- Program Considerations
- Classroom Strategies
- Levels of ESL Literacy
Foundation Phase Theme Unit and Lesson Planning
A theme unit is a series of connected lessons, taught over a longer period (from a week to several weeks) in order to achieve learning outcomes. There are many advantages to teaching in theme units; it is an excellent way to introduce vocabulary and concepts, and it means that the instructor can recycle outcomes without the lessons feeling repetitive to the learners.
In an effective theme unit plan:
- The theme is relevant to learners, and provides the context for language and literacy development.
- Learning outcomes are the central focus. Assessment, resources and learning tasks all relate to the outcomes.
- Connections are made between class work and transferring learning to other contexts (e.g. community, workplace).
- Learning outcomes, content and vocabulary are scaffolded, recycled and spiralled throughout.
In an effective lesson plan:
- Activities take 20 minutes or less.
- More intense activities, such as copying, are interspersed with activities that involve talking and movement.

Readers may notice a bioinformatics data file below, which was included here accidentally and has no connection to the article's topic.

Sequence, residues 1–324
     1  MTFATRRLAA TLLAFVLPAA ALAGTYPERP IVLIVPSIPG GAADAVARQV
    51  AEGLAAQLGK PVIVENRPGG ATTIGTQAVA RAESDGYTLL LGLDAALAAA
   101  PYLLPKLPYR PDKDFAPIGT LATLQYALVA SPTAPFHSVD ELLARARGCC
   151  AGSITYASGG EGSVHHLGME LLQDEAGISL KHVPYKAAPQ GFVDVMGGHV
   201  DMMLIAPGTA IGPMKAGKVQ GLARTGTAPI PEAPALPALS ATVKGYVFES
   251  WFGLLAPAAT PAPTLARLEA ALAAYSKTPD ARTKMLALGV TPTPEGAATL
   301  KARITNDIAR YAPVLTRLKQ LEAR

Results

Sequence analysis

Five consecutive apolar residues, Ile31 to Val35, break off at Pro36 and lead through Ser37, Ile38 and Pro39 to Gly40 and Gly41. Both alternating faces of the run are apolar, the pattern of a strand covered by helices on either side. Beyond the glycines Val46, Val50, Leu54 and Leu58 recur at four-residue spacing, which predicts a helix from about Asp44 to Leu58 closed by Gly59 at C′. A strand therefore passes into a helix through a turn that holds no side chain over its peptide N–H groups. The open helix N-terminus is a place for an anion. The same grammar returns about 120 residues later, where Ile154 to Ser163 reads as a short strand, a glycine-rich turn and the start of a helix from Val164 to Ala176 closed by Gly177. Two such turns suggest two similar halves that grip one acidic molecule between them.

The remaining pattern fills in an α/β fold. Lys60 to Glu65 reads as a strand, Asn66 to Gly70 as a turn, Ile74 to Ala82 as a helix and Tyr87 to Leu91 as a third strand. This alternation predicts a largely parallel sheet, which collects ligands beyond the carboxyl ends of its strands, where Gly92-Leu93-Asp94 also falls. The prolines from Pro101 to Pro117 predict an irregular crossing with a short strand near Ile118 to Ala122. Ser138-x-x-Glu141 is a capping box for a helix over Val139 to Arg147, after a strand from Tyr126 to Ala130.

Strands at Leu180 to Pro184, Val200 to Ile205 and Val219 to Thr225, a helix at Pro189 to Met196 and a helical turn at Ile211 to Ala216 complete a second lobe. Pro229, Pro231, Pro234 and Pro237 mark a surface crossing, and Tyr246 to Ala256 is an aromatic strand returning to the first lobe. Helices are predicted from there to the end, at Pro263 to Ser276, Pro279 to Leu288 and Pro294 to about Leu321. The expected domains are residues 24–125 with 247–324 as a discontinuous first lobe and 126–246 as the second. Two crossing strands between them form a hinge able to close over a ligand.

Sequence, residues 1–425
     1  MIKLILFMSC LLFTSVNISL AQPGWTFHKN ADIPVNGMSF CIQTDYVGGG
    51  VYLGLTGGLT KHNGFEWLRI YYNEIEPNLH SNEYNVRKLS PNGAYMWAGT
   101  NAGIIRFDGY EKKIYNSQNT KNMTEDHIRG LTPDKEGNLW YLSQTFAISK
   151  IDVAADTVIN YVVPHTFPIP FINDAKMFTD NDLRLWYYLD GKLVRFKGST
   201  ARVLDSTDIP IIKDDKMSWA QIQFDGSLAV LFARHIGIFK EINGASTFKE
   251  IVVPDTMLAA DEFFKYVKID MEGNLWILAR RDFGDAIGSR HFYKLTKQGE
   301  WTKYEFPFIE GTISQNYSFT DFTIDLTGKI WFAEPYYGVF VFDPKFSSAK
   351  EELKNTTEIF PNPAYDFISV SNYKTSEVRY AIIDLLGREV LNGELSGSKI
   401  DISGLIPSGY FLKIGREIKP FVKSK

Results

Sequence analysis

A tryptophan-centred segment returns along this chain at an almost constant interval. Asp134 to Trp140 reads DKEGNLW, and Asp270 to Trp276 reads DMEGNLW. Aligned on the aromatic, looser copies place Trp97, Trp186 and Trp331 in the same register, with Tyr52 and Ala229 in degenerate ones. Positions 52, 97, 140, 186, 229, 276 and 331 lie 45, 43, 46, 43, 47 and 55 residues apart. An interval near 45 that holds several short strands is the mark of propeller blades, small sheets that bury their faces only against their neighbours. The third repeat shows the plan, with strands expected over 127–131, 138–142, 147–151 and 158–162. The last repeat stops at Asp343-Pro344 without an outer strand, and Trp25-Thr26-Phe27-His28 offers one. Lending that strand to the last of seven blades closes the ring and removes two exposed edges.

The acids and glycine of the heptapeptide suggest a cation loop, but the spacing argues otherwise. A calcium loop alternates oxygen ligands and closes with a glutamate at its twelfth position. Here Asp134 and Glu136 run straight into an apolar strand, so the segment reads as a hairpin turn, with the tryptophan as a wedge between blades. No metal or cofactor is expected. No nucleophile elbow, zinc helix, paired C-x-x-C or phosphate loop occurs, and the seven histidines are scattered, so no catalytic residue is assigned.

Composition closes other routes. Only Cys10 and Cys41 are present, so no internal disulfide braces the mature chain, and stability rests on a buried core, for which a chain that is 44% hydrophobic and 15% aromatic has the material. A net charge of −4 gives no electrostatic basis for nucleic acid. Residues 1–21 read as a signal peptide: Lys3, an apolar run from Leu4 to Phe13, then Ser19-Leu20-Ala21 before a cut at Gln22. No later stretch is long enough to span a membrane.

- The lesson begins with oral vocabulary before moving to reading and writing.
- Vocabulary is recycled several times and in several different ways, giving learners a chance to absorb new words.
- There are directions in the lesson plan for changing activities for lower or higher level learners in the class. Not every learner needs to do exactly the same worksheet or answer exactly the same questions.
Keep current with the Network!
Sample Theme Units
These CLB Foundation to Phase III theme units are designed to highlight key concepts from the ESL Literacy Curriculum Framework. There are three sample lesson plans that connect to each theme unit.
Theme Unit & Lesson Planning Guide (712 kB)
This tool contains a theme unit development guide, as well as theme unit and lesson planning templates. The purpose of this tool is to help instructors plan effective thematic units.A program purpose is a statement that describes the general intent and broad aims of a program. Effective programs have a clear and articulate purpose, which guides all aspects of program and curriculum development.